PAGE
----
I write & publish fiction for hackers and geeks. I’ve written a novel and two novellas and I have another novel in the works. The baseline genre is cyberpunk/biopunk thriller, although I approach the subject matter in a kind of David Foster Wallace/Pynchonian way. So I’m actually kind of a postmodern metafictiony cyberpunky technothriller novelist. All my books concern hacking of both silicon-based and carbon-based systems.
As I discussed in Adventures in Self-Publishing, there’s no reasonable way for me to get my books into bookstores (all the tech bookstores that used to carry me have gone under). Therefor I use other ways to get my books in front of readers. Sometimes I go to places where hackers and geeks and congregate & there set up a table whereupon I put out copies of my books & glowing reviews from geekoid websites & start carnival barking like Billy Mays, selling my books for cash.
Next month I’ll be at the StrangeLoop convention in St. Louis, pimping my warez and also taking in as many sessions as I can. This prospect has me psyched. I don’t know if I’ll sell enough books to cover my expenses, but if you were to ask me “who’s the ideal audience for your books?” I would say something like “people who care about literature, are fans of Douglas Hofstadter, and are comfortable with high-geek computer & science stuff”. I expect that everybody at Strangeloop will meet at least a few of those criteria; some may meet them all.
On its website, StrangeLoop describes itself thus:
Strange Loop is a multi-disciplinary conference that aims to bring together the developers and thinkers building tomorrow’s technology in fields such as emerging languages, alternative databases, concurrency, distributed systems, mobile development, and the web.
In other words, it sounds like any number of similar geeky computer conferences I’ve been to; USENIX comes to mind, and the late, lamented O’Reilly “Emerging Technology” conferences. I’ve done well selling & promoting my books at such venues, even if I haven’t exactly set the world on fire.
Two things, however, make me think that StrangeLoop might be a little different from other conferences: the program and the metaprogram.
My novels tend to the philosophical side (one reviewer said “philosophical to the point of being mystical“).Maybe I’m projecting here, but I think StrageLoop will attract a more philosophical group than you might find at, for example, Defcon.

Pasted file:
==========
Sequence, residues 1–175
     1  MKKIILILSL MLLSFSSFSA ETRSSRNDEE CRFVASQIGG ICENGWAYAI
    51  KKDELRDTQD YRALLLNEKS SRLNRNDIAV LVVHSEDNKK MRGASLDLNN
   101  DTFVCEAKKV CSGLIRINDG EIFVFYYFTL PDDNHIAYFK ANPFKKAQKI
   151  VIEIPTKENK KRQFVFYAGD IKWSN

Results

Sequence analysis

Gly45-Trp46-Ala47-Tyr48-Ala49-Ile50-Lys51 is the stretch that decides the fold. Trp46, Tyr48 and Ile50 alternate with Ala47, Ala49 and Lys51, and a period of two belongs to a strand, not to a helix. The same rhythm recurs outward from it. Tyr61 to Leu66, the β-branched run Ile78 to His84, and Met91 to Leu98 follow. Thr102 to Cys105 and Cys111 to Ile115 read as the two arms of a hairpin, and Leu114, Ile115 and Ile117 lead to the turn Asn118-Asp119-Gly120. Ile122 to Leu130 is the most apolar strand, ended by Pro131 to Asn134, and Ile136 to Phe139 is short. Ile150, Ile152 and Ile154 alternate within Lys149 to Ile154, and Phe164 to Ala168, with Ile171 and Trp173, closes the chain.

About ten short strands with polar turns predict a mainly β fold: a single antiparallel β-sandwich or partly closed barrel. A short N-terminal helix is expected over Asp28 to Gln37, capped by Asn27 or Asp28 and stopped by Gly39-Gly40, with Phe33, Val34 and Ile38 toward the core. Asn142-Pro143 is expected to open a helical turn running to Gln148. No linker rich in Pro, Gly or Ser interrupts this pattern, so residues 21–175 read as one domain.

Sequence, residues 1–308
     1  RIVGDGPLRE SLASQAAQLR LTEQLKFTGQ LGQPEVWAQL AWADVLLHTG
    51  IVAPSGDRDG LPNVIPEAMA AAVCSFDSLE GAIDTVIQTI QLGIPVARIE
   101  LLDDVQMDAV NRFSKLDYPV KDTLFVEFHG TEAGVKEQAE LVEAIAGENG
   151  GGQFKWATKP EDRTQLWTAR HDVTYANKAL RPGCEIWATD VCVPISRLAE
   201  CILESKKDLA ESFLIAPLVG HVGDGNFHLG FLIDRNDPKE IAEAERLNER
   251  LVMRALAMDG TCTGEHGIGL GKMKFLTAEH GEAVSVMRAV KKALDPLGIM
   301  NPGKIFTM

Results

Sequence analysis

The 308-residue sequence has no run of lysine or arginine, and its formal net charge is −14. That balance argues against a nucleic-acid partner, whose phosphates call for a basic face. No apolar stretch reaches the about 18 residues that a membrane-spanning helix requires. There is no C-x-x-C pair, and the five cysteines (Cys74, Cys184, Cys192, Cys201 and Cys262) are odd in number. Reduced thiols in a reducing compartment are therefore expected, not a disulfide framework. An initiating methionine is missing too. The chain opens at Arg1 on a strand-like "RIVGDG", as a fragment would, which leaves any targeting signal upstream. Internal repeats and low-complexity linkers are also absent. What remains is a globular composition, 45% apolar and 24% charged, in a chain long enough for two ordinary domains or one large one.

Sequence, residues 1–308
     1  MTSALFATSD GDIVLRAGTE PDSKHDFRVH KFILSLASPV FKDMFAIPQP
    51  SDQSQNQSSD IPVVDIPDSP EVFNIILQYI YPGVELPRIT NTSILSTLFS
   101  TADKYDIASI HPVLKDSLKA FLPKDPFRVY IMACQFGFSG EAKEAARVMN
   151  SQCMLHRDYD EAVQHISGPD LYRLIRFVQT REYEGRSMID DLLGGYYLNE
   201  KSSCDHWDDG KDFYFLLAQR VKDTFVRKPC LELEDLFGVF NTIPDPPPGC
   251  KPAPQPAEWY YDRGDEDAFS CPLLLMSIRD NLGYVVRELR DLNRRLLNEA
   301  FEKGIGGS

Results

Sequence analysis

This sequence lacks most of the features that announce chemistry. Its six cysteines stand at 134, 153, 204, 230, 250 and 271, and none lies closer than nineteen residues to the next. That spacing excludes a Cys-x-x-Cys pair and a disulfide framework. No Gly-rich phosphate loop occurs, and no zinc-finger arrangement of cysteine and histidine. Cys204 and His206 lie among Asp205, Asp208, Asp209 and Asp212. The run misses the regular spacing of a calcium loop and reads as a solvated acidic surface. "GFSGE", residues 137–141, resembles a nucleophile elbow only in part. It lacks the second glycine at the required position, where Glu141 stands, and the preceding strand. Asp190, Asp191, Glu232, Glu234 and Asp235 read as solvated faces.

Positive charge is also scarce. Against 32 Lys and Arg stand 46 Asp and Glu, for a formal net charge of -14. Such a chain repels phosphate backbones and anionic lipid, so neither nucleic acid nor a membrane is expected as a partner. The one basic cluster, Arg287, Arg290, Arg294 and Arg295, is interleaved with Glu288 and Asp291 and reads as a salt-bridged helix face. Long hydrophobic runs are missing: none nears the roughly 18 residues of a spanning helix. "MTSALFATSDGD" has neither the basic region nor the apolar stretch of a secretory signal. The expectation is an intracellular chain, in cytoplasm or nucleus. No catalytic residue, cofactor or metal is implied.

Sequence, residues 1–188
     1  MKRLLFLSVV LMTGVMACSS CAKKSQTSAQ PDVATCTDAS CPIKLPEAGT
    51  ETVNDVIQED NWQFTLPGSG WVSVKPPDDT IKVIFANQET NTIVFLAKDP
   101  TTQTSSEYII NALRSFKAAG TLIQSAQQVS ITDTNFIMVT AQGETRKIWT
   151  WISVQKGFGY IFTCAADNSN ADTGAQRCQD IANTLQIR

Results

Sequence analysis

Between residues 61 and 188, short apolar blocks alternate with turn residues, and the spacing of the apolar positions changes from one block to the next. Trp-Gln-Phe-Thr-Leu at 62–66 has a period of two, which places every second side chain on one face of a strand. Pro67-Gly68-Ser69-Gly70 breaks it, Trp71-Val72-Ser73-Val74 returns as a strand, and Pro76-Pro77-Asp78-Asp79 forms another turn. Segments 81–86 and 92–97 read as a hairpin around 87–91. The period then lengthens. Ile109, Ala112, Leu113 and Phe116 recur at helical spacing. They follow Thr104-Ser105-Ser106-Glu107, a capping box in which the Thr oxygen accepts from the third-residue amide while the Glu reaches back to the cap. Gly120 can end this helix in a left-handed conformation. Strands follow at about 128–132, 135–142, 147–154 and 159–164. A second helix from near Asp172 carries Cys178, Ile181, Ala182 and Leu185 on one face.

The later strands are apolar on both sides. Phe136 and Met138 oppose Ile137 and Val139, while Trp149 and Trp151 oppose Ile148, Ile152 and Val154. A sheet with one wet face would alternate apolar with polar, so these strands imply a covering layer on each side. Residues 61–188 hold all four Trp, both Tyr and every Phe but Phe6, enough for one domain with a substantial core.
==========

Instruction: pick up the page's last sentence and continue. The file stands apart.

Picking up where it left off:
One of the more popular Strange Loop presenters is Hilary Mason, who offers a workshop in machine learning. One of my books (Cheap Complex Devices) is about machine learning and is full of programming-language-geek and AI geek jokes. Of course, I realize that a large segment of people who go to programming conferences never read fiction at all. But even if none of these geeks will be going to St. Louis with the intention of buying a novel(la), there’s a pretty good chance that if I explain what my books are about they’ll at least understand me. That in itself will be welcome.
But the thing about StrangeLoop that’s more important than the program is the metaprogram, which I’m kind of inferring from the name of the conference itself, StrangeLoop. “Strange Loop” is a clear allusion to the work of Douglas Hofstadter, the cognitive scientist, computer scientist, philosopher and author of the essential volume Gödel, Escher, Bach: An Eternal Golden Braid (commonly GEB) (in which the concept of the strange loop was introduced and elaborated) and the followup book I Am a Strange Loop.
The Wikipedia page for Strange Loop says,
“A strange loop is a hierarchy of levels, each of which is linked to at least one other by some type of relationship. A strange loop hierarchy, however, is “tangled” (Hofstadter refers to this as a “heterarchy”), in that there is no well defined highest or lowest level; moving through the levels one eventually returns to the starting point, i.e., the original level. Examples of strange loops that Hofstadter offers include: many of the works of M. C. Escher, the information flow network between DNA and enzymes through protein synthesis and DNA replication, and self-referential Gödelian statements in formal systems.”